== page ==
Hempfield rejects library funding referendum
The Hempfield supervisors made the Greensburg Hempfield Area Library’s effort to find steady funding a little more difficult Monday night.
With a 3-2 vote, the board turned down the library’s request to put a referendum for a 1-mill tax increase supporting the institution directly on the November ballot. Supporters have slightly more than a month to gather at least 673 voters’ petition signatures to get onto the ballot that way.
The library is seeking a 1-mill tax in each of the six municipalities it serves in the hope of raising $716,000 a year for its daily operations. Its representatives had asked all six governments to consider putting the question onto their ballots.
“Outside of having a survey, I think going around with a petition would be a great way to survey what people think,” said Doug Weimer, chairman of the board of supervisors, who joined Tom Logan and Jerry Fagert in the majority against advancing the referendum. “Maybe that would be a better approach than just asking the five of us to sign on.”
“I’m disappointed,” said Jeanne Smith, president of the library board and a member of the Hempfield Area School Board.
Smith said supporters will shift into signature-collecting mode with the help of volunteers. The library has until August 1 to submit signatures to the board of elections, and will aim for at least 700 in case some are duplicates or invalid.
“We do have a lot of young people happy to do this; there are people on board in the community asking what they can do to help,” she said.
Several residents spoke against the proposed referendum at the meeting and warned that giving the library an easier route to the ballot could be taken as an endorsement by a board that has otherwise avoided raising taxes for the past 27 years.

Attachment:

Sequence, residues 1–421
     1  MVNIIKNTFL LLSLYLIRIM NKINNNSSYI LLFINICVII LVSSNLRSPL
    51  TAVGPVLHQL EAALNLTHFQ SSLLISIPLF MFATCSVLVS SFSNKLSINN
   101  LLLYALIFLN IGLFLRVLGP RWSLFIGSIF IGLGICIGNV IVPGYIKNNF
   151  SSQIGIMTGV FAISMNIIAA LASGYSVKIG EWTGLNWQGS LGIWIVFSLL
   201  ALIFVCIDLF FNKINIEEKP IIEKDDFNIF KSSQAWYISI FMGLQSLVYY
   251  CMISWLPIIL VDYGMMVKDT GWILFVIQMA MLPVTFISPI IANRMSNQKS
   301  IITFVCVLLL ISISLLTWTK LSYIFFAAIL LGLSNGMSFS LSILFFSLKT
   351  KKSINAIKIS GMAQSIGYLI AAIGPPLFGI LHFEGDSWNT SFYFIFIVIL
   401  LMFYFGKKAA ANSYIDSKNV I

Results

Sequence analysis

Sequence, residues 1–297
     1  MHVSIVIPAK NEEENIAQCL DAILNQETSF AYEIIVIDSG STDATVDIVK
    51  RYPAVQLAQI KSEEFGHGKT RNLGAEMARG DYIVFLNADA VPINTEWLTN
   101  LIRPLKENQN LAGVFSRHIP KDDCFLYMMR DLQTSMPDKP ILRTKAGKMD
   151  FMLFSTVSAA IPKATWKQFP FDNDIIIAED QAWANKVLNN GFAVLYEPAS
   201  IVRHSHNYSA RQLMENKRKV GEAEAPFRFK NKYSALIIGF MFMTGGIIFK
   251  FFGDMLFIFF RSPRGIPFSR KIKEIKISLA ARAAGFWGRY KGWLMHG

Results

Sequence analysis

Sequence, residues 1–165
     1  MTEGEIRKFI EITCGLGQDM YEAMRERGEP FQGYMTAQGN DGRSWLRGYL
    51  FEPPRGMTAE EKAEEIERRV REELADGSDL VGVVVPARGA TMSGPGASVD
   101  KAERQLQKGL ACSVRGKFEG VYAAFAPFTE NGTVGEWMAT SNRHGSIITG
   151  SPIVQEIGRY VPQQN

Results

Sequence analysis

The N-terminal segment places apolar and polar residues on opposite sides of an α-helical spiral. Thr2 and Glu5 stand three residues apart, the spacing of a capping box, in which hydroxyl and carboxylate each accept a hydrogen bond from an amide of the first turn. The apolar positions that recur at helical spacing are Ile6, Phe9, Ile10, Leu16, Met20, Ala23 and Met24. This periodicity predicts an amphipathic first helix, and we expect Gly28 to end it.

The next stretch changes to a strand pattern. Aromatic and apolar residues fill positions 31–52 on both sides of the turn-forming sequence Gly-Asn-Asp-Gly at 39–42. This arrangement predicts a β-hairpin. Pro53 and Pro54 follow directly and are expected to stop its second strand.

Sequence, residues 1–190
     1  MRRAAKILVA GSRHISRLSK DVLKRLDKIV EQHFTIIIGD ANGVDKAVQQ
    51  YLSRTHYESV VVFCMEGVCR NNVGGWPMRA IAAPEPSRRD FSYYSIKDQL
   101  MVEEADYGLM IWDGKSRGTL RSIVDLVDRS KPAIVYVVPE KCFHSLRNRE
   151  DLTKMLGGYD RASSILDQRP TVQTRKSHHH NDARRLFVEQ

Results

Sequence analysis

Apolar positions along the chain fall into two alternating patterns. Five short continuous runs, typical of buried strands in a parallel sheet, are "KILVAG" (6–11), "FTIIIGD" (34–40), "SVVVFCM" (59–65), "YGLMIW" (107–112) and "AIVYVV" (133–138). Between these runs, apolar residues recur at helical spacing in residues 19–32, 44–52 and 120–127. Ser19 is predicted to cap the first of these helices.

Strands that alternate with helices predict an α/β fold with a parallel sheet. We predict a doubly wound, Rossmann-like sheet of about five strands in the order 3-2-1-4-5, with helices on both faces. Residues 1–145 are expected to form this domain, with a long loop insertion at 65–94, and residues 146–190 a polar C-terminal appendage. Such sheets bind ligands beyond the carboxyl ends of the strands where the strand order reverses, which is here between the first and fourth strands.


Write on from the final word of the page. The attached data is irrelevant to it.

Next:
“Your validation would legitimize it and would have a chilling effect on some much-needed scrutiny,” resident Bill Bretz said.
Supervisor John Silvis, who joined George Reese in the board minority, said the board’s denial wouldn’t halt the library’s efforts or its long-term financial needs.
“This is an issue that’s not going to go away — $500,000 is a lot of money; over 10 years that’s $5 million,” Silvis said. “For that amount, maybe we could have our own library.”
Until Monday, New Stanton was the only municipality to reject putting the question on the ballot, although the borough’s small population meant the library will only need to collect 35 signatures there. Greensburg, Youngwood and South Greensburg approved putting the question on their ballots.
Southwest Greensburg council postponed a decision last week because their solicitor wasn’t present; Smith said the library would start collecting signatures there rather than wait for the next council meeting in mid-July.
Hempfield is the largest of the communities using the libraries, and would contribute the most by far — about $500,000 a year — if voters pass the referendum in November.
Hempfield currently sends the library about $30,000 per year. Its contributions used to be as high as $50,000 a year but were reduced starting in 2014.